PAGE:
Another important advantage of phones is laughter. We can hear our friends laugh at our jokes and our friends can hear us laugh at theirs. We get to laugh TOGETHER, which is huge. Laughter is a powerful bond. Most women list a sense of humor as one of the things they most value in a man. Sharing laughter is one of the great joys in life. You can’t get it in a text. Typing LOL is not the same thing!

When I was dating online, I discovered that liking someone’s emails was NOT a good indicator that I would like them in person. But liking someone on the phone gave me a pretty good chance that I would like them in person. That’s when I fully realized that writing and talking are on two separate planes. Talking is personal. It reveals personality and connects people on an emotional, visceral level. You get most of what you get when you are physically with someone.

Emailing may tell you the writing style of the person but not their speaking style or their personal “je ne sais quoi”. In texting, people tend to write shortened sentences with abbreviations and even Emojis. So you don’t even get the “voice” or writing style of the person. The time lag with texts also annoys me. Write then wait. Read then write. Rinse and repeat.

Try watching a movie or TV show and hit pause for twenty seconds after each person speaks. Not very gratifying. In fact, it will probably drive you crazy.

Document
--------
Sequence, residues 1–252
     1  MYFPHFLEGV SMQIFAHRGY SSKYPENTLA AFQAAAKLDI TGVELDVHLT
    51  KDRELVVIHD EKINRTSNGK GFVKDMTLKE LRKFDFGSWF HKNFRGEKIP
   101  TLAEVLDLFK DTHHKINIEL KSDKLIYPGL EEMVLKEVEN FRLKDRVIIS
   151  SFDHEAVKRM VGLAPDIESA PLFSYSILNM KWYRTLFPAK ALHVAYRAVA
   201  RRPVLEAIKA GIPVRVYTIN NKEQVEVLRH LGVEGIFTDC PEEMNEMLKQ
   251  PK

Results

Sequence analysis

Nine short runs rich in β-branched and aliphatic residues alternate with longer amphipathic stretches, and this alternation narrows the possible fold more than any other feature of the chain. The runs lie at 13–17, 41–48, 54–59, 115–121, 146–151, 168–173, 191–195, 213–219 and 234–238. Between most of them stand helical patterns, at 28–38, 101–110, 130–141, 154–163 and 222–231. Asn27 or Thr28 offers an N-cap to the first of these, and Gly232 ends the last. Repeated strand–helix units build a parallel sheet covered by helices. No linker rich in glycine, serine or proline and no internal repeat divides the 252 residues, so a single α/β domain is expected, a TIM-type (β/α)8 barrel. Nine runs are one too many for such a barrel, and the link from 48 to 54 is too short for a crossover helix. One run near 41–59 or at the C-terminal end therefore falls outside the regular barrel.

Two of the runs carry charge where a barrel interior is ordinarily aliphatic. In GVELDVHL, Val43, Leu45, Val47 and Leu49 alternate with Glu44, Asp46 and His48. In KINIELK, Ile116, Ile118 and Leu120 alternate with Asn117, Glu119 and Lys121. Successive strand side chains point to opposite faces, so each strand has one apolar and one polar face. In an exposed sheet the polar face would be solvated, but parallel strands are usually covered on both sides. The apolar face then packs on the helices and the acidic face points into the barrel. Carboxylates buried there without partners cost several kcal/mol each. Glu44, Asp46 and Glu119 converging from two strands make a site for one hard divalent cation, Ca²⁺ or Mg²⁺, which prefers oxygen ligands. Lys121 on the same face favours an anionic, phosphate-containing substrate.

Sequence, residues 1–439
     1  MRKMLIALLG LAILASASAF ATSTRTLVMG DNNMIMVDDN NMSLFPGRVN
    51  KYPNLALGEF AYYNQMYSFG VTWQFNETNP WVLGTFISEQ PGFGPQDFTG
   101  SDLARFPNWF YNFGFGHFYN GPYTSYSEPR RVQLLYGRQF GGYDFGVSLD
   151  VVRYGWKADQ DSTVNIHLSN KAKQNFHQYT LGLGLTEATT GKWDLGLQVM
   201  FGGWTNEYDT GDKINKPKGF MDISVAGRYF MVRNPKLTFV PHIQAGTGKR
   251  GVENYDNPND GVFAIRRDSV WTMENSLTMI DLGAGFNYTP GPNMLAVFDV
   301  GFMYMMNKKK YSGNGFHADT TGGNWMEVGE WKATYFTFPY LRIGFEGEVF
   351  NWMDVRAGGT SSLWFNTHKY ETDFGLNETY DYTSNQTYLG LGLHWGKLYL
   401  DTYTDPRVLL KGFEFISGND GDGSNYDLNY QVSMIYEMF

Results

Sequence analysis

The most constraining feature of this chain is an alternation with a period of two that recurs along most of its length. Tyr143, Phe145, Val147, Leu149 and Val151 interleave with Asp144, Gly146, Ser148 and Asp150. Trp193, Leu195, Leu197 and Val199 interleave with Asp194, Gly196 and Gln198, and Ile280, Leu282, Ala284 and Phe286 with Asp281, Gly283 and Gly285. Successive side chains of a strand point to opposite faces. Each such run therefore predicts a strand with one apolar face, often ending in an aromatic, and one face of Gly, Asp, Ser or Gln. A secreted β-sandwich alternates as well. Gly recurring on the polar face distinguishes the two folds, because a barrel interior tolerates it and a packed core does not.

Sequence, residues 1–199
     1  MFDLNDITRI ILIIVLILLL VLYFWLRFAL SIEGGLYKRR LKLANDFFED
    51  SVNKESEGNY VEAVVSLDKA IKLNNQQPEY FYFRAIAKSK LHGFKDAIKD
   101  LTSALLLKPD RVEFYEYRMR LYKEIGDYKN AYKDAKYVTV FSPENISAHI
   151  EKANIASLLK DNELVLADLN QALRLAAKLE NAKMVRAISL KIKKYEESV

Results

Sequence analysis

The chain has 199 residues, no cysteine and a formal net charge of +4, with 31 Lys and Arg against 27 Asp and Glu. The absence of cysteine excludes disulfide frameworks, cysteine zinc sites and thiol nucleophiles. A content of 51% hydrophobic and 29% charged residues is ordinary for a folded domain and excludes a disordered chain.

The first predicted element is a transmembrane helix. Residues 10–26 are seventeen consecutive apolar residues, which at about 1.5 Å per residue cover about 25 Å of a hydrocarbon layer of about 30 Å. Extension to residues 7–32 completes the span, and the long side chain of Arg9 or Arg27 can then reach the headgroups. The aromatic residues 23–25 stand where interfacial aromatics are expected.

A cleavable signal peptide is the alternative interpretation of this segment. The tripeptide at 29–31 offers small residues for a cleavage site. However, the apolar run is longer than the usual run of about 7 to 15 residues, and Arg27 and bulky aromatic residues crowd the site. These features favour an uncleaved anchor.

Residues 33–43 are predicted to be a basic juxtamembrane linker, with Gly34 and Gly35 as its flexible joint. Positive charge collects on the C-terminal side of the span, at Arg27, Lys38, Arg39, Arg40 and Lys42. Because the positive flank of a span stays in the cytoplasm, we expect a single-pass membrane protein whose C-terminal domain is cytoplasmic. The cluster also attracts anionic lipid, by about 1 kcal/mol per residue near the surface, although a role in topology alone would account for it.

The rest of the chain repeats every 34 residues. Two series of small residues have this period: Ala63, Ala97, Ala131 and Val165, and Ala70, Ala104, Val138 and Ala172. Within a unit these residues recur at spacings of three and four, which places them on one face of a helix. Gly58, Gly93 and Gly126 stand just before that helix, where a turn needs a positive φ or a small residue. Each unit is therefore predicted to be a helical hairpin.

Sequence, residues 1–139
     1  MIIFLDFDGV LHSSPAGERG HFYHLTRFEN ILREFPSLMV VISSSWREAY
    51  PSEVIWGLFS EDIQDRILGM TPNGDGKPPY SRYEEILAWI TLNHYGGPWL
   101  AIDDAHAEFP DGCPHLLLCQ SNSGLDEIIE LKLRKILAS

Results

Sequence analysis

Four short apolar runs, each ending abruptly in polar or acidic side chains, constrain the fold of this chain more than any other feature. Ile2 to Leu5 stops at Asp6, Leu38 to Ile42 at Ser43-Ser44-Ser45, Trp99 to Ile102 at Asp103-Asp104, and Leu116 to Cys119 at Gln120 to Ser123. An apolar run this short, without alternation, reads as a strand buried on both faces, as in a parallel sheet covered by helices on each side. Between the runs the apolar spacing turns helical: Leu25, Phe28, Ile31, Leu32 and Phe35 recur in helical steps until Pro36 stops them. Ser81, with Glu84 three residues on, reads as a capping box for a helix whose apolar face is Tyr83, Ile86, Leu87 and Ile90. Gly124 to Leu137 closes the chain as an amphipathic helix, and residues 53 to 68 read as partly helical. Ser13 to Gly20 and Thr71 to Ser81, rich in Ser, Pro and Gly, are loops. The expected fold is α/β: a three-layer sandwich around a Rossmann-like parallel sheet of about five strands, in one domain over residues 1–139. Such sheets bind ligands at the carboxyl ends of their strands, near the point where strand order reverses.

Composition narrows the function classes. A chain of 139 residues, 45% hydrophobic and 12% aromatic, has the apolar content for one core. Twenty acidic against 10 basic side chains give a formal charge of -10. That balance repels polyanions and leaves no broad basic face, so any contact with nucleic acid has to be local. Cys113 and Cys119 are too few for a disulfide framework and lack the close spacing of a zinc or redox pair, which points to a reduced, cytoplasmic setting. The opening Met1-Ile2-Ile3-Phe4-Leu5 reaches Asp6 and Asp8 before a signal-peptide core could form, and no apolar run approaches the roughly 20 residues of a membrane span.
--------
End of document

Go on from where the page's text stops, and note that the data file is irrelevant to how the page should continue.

To me, texting is great for short, immediate communications. Like: “In traffic. Running 15 minutes late.” OR “What time do you want us for dinner?” Otherwise, not really communications.

Nevertheless, I understand that some people are just not phone people. My daughter is a phonophobe. She would rather talk for an hour every few weeks and text in between to stay in touch. My mother hated the phone. When I was growing up, she would have me call people to change or cancel appointments for her so she would not get “stuck” talking on the phone.

My husband, Tom, is also not a phone person. When we were dating, it didn’t even occur to him to talk on the phone the nights we weren’t seeing each other. Once I started the pattern, he was fine with it. But he wouldn’t have done it on his own.

I think the younger generations are growing up totally immersed in texting and internet communications. They may never learn the pleasure you can get from a long phone conversation with a friend. They may not even have long conversations in person anymore either. From what I hear, kids spend time online even when they are physically with other people. The art of the conversation may be dying out altogether.

I guess I shouldn’t be worrying about fewer people talking on the phone. I should be worrying about fewer people talking to each other — at all!

I DON’T WANT TO SEEM MEAN-SPIRITED BUT

What is it about “I don’t accept award nominations” that is hard to grasp? I know it’s difficult — virtually impossible — to find people to whom to pass these chain letters awards. Maybe it’s time to rethink them? Or just don’t pass them on. Especially not to those of us who have clearly said we do not want them.

'Wow! I've got one from someone I know!'